Not enough is known about him, but he was born Walter Robert Booth in Worcester on 12 July 1896. His father, Robert Booth, was a china painter, and Walter was apprenticed as painter to the Royal Worcester Porcelain factory, where he is believed to have worked until 1890. He then pursued a career in entertainment, as a lightning cartoonist, ventriloquist and magician, joining the company of renowned magician David Devant, with which he toured the UK over 1898-1900. Devant’s shows featured films produced by Robert Paul, and Booth began directing short trick films for Paul, often on the theme of magic (with himself as the magician), titles such as Upside Down; or, the Human Flies (1899) (in which the actors dance around on the ceiling), Chinese Magic (1900), The Haunted Curiosity Shop (1901), The Waif and the Wizard (1901), The Magic Sword (1901) (a particularly inventive visual treat) and The Devil in the Studio (1901), which showed off his cartooning skills.
Scrooge; or, Marley’s Ghost (1901), an early trick film based on Charles Dickens’ A Christmas Carol, made by Booth for Robert Paul
There were many magicians who incorporated films into their act at this time, several of whom found themselves putting down the top hat and wand and taking up the camera full time: Georges Méliès, Billy Bitzer (who went to to be D.W. Griffith’s cinematographer), Emile and Vincent Isola, John Maskelyne, William Selig, Albert Smith (founder of Vitagraph, America’s leading pre-WWI film company), Félicien Trewey, Alexander Victor and others. Erik Barnouw has written a book about the phenomenon, The Magician and the Cinema. Film was seen as the ultimate magic trick, the perfect illusion, certainly a logical stepping stone for performers who wanted to tantalise audiences with the incredible.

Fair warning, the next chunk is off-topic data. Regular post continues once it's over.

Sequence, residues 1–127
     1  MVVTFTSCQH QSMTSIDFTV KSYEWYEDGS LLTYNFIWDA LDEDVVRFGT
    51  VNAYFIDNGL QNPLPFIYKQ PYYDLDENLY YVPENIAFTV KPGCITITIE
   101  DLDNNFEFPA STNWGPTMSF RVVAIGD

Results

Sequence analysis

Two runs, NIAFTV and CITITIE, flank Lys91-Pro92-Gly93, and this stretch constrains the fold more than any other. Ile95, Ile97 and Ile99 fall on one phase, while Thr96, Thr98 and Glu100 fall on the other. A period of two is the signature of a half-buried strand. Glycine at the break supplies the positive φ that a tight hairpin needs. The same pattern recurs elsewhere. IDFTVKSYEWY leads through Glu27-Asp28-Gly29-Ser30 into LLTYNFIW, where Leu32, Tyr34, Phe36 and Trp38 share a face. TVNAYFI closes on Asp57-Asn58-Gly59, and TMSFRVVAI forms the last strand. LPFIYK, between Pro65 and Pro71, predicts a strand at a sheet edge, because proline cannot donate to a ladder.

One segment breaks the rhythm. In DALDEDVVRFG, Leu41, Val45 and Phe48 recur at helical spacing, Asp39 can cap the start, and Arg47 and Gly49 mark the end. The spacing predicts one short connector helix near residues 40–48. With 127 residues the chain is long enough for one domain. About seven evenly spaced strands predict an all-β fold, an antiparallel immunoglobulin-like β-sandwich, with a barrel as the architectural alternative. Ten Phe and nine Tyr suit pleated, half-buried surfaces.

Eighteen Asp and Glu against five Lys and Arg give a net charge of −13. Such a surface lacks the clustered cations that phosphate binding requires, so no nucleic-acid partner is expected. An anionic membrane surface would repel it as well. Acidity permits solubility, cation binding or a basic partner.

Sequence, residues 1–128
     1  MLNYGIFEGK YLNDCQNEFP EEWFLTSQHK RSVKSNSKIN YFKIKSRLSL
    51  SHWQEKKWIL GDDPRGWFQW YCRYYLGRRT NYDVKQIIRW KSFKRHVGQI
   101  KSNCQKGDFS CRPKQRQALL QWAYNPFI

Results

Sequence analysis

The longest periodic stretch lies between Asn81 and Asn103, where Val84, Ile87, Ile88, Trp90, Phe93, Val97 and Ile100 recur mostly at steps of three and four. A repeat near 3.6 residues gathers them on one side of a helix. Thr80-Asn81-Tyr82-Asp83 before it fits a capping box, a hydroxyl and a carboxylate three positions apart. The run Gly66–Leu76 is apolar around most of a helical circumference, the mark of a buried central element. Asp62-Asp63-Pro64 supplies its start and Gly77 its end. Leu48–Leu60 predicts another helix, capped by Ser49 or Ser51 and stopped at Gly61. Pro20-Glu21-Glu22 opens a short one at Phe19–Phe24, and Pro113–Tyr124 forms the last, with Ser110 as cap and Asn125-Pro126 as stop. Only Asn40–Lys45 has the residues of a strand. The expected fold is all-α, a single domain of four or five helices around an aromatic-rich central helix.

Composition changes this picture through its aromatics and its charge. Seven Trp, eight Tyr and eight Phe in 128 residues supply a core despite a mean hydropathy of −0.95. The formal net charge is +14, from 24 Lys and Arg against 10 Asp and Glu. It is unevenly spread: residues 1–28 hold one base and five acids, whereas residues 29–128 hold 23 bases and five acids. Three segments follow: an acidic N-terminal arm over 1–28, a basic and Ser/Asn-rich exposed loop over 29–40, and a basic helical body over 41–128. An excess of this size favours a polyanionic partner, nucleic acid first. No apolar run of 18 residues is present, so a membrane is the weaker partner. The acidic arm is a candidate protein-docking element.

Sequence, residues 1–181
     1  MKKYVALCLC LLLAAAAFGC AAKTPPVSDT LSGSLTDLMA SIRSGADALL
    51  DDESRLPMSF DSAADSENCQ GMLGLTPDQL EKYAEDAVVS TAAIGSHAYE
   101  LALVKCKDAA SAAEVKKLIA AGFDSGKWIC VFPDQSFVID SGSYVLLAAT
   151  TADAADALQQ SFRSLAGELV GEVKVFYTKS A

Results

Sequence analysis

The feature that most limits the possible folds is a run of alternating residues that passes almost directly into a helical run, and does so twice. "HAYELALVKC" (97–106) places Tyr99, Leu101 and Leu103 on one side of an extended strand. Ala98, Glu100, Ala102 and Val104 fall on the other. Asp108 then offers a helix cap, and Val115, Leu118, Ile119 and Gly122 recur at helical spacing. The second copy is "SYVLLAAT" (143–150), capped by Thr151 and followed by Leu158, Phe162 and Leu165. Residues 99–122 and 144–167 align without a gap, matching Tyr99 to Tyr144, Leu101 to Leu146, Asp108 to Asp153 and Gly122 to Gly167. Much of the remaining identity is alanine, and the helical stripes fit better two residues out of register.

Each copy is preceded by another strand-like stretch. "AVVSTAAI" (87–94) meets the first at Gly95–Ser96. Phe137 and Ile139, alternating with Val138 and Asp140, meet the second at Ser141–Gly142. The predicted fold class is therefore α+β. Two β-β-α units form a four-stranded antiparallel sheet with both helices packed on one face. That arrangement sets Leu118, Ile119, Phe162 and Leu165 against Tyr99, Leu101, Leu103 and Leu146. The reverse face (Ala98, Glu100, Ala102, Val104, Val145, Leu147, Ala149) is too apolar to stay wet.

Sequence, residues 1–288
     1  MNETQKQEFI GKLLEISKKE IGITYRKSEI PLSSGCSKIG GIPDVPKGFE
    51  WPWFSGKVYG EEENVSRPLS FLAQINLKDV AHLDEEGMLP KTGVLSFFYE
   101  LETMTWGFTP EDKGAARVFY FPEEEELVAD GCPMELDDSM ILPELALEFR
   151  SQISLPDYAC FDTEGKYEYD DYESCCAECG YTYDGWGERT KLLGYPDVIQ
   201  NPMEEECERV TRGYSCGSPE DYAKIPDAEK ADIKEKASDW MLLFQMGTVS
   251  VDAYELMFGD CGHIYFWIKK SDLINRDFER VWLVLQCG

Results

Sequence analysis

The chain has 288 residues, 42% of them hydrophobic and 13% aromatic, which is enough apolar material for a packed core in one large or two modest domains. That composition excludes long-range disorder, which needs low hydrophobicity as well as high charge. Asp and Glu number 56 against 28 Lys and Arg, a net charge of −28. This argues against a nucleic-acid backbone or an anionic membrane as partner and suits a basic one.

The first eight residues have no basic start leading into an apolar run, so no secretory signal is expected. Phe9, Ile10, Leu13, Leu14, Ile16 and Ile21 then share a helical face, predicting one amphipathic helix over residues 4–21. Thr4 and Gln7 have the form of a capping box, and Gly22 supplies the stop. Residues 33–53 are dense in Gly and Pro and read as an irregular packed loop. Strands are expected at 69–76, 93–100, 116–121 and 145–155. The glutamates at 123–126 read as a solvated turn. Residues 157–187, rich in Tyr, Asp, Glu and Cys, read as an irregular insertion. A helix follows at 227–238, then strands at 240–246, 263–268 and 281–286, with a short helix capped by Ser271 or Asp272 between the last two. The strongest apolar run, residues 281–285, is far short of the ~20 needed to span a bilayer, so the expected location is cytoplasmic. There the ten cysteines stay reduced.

Booth seems to have left the stage by 1901 and to have become a full-time filmmaker with Robert Paul, before joining Charles Urban in 1906. It is with Urban, and the greater opportunities that slightly longer films and more generous budgets offered, that Booth the filmmaker came into his own. He established his own studio at his home at Neville Lodge, Woodlands, Isleworth, and with camera operator Harold Bastick made a succession of ingenious films which employed trickery and made trickery their theme. He borrowed ideas from others: The Hand of the Artist (1906), the first British animated cartoon film, was a clear imitation of J. Stuart Blackton’s Humorous Phases of Funny Faces of the same year. When the Devil Drives (1907) was an adventure with the Devil as a lead character very much in the style of Georges Méliès. But equally he innovated in style and form: The Sorcerer’s Scissors (1907) is a dazzling trick film in which a pair of scissors cuts out various paper figures which they come to life. A Diabolo Nightmare (1907) sees an office clerk become obsessed with the game to such a degree that it takes over his dreams, which take him and his diabolo to the bottom of the sea. Other, lost films, tantalise us with mislaid delights: The Vacuum Cleaner Nightmare (1906), The Prehistoric Man (1908), The Star Globe-trotter (1908), The Invisible Dog (1909).
Extract from The Airship Destroyer (1909)